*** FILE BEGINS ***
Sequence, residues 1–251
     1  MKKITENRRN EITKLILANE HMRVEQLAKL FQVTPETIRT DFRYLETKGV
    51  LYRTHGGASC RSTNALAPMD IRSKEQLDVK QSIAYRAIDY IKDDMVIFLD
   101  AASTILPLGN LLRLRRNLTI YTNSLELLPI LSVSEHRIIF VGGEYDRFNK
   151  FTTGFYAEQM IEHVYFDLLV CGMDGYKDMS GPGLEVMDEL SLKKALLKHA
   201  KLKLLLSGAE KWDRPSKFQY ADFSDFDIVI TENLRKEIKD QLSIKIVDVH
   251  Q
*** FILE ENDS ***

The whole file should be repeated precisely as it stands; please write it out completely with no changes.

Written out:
Sequence, residues 1–251
     1  MKKITENRRN EITKLILANE HMRVEQLAKL FQVTPETIRT DFRYLETKGV
    51  LYRTHGGASC RSTNALAPMD IRSKEQLDVK QSIAYRAIDY IKDDMVIFLD
   101  AASTILPLGN LLRLRRNLTI YTNSLELLPI LSVSEHRIIF VGGEYDRFNK
   151  FTTGFYAEQM IEHVYFDLLV CGMDGYKDMS GPGLEVMDEL SLKKALLKHA
   201  KLKLLLSGAE KWDRPSKFQY ADFSDFDIVI TENLRKEIKD QLSIKIVDVH
   251  Q